And in Alaska's GOP caucuses this year, where the expected turnout often was no more than half a dozen people, Moral Majority chapters repeatedly turned out 40 to 50. In the state's seven political districts, they elected "Christian chairmen" in six. Of the 280 delegates to the state convention, they claimed 150.
The minister of the Anchorage Baptist Temple, which White helped found, has helped defeat a city referendum on gay rights and a gay rights mayoral candidate. White said. "They've realized that churches up there have some clout."
Moral Majority "doesn't have any formal membership," said school teacher Carolyn Glover, another Alaska delegate. "We're just people with moral principles. And we're tired of Jimmy Carter's religion."
In the Virginia delegation, Guy Farley, a born-again Baptist, has played a key role in the platform fights against the ERA and abortion. Many Republicans see him as a useful bridge between the party's traditional conservative and the religioun new right for whom Baptist television preacher Falwell is a pace setter.
It's the issues, not the personalities, that draw the evangelists to the Republican party, Falwell said. "Carter last time got that [church] vote because he campaigned as born-again Christian. But this time people will be more concerned about issues than general characterizations. Carter has proceeded to undermine the American family."
The campaign to get out the evangelism vote has resulted in session to teach ministers around the country how far they can go -- without losing their tax-exempt status -- toward endorsing candidates, taking stands on the issues as well as to instruct them on other aspects of political activism.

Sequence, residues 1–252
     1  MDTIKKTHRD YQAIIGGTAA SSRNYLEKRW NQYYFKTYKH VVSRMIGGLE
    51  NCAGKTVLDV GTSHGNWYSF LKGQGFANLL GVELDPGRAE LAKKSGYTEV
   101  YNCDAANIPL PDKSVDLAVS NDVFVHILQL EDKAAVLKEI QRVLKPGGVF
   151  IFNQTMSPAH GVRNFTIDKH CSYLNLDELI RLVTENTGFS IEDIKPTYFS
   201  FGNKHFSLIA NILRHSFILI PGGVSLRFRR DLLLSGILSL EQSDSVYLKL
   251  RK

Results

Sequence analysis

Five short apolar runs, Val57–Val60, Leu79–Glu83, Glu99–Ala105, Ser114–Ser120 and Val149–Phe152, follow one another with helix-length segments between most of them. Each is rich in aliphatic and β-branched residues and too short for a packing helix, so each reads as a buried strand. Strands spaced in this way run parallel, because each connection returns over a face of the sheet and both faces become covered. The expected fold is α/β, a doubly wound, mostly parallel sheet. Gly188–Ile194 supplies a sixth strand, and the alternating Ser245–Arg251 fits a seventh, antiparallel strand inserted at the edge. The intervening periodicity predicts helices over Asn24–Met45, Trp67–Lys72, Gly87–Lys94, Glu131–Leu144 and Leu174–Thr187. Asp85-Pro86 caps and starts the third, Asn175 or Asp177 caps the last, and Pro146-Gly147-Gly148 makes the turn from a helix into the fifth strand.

The IRS has ruled that ministers can make personal endorsements of candidates without jeopardizing the tax-exempt status of their church, as long as the entire church does not make a formal endorsement.
"In the southern and nonurban parts of the country, the church remains a major social and political organization; the preacher has a captive audience on Sunday," said an aide to Sen. Jesse A. Helms R-N.C.), who is viewed by many fundamentalists as their man in Washington.
The Helms staff helped draw up a plan to "organize Christians," the aide said, wth detailed procedures for direct mail organization of preachers, including sample sermons.
"I suggested a committee be set up to write the sermon, with one person contributing the religious content, another a touch of humor, a third the political moods and trends and finally an editor to make sure it spoke well," the Helms aide said.
Some critics charge this political gospel of personal salvation, as opposed to social outreach, is merely arch conservatism disguise in Bible print.
"They are very dangerous. They are not differentiating between Caesar and God. They are trying to equate Christianity with Americanism," said George Jones, director of the Northen Kentucky Baptist Association and a minister. A resident of Cold Spring, he has been an active Republican since 1936.
"They're one-issue people; they won't last long," he said. "We must keep church and state separated."
But not if Patric Dorsey has anything to say about it A self-assured woman from New Bern, N.C., Dorsey is a Helms protege who succeeded in getting the platform committee to insert in its flowery preamble the words "With God's Help."
The wife of a retired naval officer, she said she and her husband were the seventh and eighth residents of their town to register as Republicans. "I look to God as my government, not man," she said. He governs, not man. . . . He's the bottom line."